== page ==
Troy Blackwell (he/him) is the founder of Ready for Change, a political action committee dedicated to increasing get-out-the-vote activities among youth. He is also the chairperson of Big Apple Performing Arts, home to the New York City Gay Men’s Chorus and the Youth Pride Chorus. Previously, Blackwell was a New York City Council candidate in the Bronx. Prior to this, he worked in various press advance capacities for President Biden and Vice President Kamala Harris. Blackwell has also worked for other politicians including President Obama, Tom Steyer, and Mark Levine.
What is your favorite Pride Month event or celebration?
My favorite Pride Month celebration is seeing young LGBTQ performers sing with the Youth Pride Chorus. In the past, they have sung with Cyndi Lauper and this year they are performing at Little Island. We are living at a time when over 300 anti-LGBTQ bills are being passed across 36 legislatures, and books are being banned. It is imperative that young LGBTQ people feel seen, heard, and respected.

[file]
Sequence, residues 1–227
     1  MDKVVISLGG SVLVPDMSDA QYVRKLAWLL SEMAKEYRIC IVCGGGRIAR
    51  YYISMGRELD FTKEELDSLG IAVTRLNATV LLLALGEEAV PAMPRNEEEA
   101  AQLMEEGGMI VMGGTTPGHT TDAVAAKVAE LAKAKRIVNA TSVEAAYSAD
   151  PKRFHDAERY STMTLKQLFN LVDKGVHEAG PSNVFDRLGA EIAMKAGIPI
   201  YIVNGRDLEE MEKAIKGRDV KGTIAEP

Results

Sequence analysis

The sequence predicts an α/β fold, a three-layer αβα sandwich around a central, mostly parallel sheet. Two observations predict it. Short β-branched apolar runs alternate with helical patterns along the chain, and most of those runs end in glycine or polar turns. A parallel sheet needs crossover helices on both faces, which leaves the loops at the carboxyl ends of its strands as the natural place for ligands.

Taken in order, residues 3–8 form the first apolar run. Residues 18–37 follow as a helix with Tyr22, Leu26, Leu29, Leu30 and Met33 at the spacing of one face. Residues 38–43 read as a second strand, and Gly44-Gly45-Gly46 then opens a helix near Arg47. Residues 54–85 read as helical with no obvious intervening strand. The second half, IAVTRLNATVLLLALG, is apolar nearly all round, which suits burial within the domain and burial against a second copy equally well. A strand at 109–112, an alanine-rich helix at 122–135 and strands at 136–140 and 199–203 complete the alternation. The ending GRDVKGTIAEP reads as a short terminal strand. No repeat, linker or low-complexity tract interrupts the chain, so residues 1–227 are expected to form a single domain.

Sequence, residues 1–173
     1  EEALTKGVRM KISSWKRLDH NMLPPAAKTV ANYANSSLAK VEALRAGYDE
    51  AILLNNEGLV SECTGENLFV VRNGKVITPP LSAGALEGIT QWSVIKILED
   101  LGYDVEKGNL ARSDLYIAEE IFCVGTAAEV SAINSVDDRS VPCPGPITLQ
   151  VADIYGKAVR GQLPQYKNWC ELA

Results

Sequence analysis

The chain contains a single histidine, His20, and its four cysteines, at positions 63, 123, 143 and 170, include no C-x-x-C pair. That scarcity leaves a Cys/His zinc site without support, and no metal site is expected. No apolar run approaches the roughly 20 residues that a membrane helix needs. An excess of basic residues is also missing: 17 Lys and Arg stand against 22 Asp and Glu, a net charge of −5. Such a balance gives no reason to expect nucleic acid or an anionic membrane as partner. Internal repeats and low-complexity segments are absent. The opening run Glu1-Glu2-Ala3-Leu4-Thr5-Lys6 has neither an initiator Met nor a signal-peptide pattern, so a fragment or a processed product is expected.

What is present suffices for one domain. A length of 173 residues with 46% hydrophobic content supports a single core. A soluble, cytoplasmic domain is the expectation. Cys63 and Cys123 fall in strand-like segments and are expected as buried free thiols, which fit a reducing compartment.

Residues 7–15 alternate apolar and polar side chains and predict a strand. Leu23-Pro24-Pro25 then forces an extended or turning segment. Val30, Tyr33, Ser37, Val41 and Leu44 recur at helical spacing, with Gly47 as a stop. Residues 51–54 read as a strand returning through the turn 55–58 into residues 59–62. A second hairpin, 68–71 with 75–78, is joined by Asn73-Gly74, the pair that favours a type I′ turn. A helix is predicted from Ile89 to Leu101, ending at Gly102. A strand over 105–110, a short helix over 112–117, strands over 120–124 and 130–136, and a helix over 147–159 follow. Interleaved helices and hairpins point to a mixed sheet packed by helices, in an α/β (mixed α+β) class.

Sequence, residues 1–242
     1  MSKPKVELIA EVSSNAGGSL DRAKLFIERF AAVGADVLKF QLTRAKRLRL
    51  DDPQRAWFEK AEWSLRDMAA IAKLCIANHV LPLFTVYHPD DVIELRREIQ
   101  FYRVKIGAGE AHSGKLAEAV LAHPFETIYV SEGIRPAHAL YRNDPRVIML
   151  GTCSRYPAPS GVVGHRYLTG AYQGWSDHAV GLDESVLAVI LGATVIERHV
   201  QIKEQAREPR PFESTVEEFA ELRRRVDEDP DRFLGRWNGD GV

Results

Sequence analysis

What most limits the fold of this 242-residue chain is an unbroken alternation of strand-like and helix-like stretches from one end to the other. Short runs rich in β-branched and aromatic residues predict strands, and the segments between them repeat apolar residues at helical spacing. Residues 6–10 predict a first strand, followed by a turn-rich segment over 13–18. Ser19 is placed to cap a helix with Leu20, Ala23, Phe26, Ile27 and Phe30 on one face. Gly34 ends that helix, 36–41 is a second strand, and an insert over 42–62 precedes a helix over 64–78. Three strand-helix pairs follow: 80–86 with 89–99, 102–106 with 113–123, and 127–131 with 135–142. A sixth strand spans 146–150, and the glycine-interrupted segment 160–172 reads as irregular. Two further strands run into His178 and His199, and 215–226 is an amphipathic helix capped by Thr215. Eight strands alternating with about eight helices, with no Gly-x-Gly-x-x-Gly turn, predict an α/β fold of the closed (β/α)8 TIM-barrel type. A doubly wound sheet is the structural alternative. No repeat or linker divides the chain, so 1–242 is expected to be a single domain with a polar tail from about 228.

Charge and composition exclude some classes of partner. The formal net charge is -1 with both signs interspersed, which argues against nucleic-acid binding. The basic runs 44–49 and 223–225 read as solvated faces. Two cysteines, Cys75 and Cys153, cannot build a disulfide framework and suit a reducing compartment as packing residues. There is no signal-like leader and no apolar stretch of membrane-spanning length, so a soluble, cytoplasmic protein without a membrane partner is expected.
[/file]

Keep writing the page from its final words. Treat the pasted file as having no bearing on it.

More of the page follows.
What LGBTQ+ icons or activists have inspired you?
I am inspired by many icons but especially James Baldwin and Bayard Rustin. Baldwin’s works of literature still inspire generations today and Rustin’s work during the civil rights era is definitely felt all around us. They both lived at a crucial time when they not only faced discrimination because of their sexuality but because of their race as well. That struggle and resilience in their intersectionality is one that I have deep respect for.
What people or corporations do to support the LGBTQ+ community year-round, not just during Pride Month?
First and foremost, if corporations truly want to support the LGBTQ community year-round, they should not fund or endorse candidates with anti-LGBTQ platforms. That is a big no. Furthermore, they should empower and champion the LGBTQ employees they have by creating a safe space with health plans that reflect modern families, updated anti-discrimination policies, preferred name and gender usage, and opportunities for advancement for all diverse individuals.
How can businesses create more inclusive environments for their employees and patrons?
To be more inclusive, businesses can empower workers to create an LGBTQ ERG (employee resource group) to help advocate for what they need. Secondly, businesses can empower staff to use their preferred pronouns. For patrons, it never hurts to have a strong mission statement that customers can see or access. Additionally, it is powerful when businesses have pride flags or pride stickers outside to acknowledge that they are LGBTQ-friendly.